Two Houston firefighters lost their lives in a McDonald’s restaurant arson fire at 12602 Bissonnet. The fire was reported at 4:30 a.m. Engine 76 was the first fire fighting unit on the scene 8 minutes later and reported 6-foot flames visible from the roof. The flames appeared as if they might be venting from an exhaust fan, possibly indicating a grease fire.
The captain ordered his firefighters to advance an attack line into the interior of the structure for fire control. No fire was visible in the interior of the restaurant. The firefighters from Engine 76 were joined by other firefighters who also advanced attack lines to the interior. At 4:52 a.m., the incident commander ordered all firefighters out of the building in order to transition to a defensive attack mode. The flames visible from the roof had grown to 30 feet in height, and the fire had become visible in the kitchen area of the restaurant.
Moments later, the captain from Engine 76 concluded that his firefighters were missing and notified the incident commander. A second alarm was requested at 5:02 a.m. and rescue attempts were begun. A number of rescue attempts were made. At 5:27 a.m., the incident commander struck a third alarm.
Shortly thereafter, a ladder company opened the rear door of the restaurant and made access to the back of the kitchen area. A PASS device had been heard alarming in the kitchen area, and a firefighter was able to see a downed firefighter as he looked into the back door. A firefighter was discovered with his facepiece in-place, his regulator not connected to the facepiece, and with his SCBA partially removed and entangled in wires. He was removed, treated at the scene, in the ambulance, and at the hospital. Despite these efforts, he was pronounced dead at the hospital. Given the amount of time that had passed and the likelihood that a second firefighter was buried in debris, the search effort transitioned into a recovery mode. The missing firefighter was found at approximately 7:13 a.m. within 6 feet of the rear door of the restaurant. She was entangled in wires and a pair of wire cutters were found near her body. She was wearing an SCBA but the status of her facepiece and regulator could not be determined.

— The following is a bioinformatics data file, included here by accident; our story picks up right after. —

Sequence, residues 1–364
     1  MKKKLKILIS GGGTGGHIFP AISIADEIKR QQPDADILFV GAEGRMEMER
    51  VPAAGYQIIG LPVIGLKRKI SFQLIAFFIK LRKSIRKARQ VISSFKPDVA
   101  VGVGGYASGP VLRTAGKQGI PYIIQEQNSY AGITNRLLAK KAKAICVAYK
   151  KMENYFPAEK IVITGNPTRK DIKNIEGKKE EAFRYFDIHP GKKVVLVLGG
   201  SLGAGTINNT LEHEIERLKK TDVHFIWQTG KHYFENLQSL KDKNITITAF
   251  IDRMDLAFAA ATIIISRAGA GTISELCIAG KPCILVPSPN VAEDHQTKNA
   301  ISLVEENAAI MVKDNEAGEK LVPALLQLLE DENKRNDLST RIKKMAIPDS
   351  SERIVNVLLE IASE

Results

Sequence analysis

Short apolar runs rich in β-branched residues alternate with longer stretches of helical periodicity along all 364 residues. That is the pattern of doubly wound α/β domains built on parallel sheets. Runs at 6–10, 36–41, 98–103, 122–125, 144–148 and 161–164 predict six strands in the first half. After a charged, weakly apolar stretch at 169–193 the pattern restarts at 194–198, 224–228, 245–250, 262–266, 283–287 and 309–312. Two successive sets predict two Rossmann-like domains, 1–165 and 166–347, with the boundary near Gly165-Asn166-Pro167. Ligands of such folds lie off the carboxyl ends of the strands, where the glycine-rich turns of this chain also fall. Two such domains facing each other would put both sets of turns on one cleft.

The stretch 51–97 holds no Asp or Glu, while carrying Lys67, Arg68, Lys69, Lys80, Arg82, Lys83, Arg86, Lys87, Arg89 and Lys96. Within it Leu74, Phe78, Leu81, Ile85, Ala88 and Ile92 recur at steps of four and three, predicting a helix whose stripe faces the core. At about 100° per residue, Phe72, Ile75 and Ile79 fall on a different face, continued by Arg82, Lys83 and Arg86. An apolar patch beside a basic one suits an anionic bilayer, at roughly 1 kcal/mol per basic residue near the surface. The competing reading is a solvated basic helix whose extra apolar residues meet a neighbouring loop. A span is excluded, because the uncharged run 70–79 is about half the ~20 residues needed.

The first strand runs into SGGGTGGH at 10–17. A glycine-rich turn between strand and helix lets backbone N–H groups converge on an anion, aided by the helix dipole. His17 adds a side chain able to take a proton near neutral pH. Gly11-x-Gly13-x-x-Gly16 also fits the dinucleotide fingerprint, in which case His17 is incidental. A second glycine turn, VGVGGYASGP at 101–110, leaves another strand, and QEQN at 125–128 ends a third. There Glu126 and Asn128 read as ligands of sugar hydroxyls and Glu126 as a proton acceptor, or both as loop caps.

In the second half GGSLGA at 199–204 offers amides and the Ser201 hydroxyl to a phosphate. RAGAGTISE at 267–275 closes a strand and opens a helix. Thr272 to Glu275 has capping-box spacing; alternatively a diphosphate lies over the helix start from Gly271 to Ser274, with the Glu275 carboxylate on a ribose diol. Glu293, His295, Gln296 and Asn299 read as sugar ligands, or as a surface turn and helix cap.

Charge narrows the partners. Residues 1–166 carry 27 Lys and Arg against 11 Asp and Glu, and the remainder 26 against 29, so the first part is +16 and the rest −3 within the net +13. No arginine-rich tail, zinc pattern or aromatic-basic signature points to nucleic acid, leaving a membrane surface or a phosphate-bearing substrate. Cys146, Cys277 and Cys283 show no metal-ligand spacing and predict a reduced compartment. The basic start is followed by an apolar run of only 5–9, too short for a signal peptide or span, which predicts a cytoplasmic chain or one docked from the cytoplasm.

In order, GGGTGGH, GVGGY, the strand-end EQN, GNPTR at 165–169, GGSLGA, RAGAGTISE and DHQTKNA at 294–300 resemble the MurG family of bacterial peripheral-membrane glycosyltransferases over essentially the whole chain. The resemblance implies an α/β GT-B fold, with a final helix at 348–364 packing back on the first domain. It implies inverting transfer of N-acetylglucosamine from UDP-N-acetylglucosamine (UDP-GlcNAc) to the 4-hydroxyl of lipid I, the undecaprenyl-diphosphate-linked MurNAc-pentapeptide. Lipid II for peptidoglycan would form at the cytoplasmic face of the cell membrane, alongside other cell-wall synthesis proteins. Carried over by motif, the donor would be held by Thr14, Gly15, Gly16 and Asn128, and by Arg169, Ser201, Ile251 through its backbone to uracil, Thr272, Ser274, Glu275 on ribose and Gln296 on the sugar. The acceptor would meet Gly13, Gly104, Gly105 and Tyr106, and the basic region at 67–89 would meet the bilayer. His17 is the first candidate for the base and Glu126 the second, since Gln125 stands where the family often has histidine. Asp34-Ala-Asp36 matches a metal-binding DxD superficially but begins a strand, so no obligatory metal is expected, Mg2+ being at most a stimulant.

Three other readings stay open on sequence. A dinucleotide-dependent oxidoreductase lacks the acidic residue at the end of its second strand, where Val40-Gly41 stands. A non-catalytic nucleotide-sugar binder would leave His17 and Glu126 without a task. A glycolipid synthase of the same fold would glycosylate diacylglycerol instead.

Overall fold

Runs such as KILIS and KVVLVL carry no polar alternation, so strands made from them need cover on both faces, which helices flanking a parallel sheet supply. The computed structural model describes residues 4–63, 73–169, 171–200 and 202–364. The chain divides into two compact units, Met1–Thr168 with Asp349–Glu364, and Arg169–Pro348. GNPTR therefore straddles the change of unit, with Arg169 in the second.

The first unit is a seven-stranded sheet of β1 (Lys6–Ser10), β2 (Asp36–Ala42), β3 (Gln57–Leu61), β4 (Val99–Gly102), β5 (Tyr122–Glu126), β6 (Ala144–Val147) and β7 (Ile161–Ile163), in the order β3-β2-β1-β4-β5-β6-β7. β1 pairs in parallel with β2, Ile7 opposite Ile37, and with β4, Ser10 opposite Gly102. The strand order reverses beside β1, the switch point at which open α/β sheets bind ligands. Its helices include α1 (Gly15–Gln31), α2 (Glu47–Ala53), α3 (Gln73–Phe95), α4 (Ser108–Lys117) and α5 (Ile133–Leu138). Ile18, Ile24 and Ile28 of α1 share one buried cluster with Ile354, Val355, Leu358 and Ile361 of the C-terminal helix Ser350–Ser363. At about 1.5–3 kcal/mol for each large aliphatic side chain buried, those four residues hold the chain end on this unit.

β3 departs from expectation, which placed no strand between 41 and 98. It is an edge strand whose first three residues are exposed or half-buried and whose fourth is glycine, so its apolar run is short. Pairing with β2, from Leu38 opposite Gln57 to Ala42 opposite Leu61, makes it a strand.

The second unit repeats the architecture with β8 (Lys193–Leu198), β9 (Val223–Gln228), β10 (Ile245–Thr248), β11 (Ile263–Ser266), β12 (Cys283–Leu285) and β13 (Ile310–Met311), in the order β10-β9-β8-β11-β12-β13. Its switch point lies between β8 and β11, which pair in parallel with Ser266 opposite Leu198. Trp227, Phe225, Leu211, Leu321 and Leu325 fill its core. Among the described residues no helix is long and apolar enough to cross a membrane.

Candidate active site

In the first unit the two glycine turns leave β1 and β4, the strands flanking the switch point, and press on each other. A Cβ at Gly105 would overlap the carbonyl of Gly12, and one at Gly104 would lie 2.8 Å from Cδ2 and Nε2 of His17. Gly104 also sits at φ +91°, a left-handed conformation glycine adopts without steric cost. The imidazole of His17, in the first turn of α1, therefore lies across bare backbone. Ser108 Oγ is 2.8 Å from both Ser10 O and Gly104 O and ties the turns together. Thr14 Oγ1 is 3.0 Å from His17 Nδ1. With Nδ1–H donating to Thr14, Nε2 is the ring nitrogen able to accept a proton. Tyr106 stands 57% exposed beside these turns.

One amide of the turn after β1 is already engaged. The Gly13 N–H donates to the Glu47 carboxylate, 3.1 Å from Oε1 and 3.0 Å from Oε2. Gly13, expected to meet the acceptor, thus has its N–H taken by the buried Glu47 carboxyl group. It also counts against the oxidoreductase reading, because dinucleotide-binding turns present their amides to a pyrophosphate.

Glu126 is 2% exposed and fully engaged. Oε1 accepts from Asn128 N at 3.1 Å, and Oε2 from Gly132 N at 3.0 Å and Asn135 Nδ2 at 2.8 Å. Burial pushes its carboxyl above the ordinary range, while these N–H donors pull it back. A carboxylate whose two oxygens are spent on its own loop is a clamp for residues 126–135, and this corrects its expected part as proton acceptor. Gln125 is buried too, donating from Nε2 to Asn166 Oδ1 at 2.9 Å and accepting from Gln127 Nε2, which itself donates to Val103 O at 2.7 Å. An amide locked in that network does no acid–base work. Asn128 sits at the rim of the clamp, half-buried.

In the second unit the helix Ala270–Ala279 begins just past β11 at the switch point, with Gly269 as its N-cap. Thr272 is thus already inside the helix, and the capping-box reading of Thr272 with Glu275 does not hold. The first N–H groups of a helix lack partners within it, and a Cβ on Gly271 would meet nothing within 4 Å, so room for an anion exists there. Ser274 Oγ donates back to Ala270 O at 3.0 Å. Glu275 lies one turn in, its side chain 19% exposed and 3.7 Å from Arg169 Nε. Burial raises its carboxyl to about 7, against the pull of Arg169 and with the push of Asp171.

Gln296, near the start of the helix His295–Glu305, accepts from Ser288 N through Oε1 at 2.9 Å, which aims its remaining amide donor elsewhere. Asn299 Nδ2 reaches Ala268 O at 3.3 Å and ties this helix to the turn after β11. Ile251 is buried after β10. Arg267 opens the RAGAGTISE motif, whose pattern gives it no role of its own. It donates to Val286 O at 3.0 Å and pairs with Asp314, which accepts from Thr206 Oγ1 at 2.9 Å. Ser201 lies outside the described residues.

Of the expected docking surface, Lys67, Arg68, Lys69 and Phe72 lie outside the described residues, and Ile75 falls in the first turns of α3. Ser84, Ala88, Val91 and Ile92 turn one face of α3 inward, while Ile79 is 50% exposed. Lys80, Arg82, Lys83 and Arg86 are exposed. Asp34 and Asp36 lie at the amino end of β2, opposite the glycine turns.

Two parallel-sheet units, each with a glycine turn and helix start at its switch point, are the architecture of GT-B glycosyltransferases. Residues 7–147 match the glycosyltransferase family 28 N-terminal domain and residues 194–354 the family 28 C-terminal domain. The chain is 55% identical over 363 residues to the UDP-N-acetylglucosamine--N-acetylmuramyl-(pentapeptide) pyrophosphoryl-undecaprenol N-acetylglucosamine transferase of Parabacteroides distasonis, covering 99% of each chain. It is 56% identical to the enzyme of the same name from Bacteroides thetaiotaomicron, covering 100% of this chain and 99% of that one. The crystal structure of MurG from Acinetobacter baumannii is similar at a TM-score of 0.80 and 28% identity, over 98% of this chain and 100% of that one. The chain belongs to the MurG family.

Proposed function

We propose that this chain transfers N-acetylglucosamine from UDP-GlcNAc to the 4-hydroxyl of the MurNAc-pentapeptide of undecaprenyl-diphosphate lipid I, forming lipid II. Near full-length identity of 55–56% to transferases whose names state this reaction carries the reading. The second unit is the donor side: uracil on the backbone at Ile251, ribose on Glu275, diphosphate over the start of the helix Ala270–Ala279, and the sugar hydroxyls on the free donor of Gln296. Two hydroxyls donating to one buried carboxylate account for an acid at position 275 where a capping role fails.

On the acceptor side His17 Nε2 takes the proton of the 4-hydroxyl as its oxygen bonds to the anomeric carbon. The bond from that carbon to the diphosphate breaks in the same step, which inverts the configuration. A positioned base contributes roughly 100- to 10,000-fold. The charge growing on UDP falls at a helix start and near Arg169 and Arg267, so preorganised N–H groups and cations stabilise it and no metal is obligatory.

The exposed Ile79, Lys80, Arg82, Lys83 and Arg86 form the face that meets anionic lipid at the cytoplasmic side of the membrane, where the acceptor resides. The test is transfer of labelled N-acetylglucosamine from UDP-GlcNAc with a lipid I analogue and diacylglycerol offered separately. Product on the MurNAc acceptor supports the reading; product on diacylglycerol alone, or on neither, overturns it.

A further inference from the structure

Both firefighters died of asphyxia due to smoke inhalation. The fire was intentionally set by a group of juveniles attempting to conceal a burglary attempt. Four individuals were convicted of crimes with sentences ranging from 2 to 35 years.”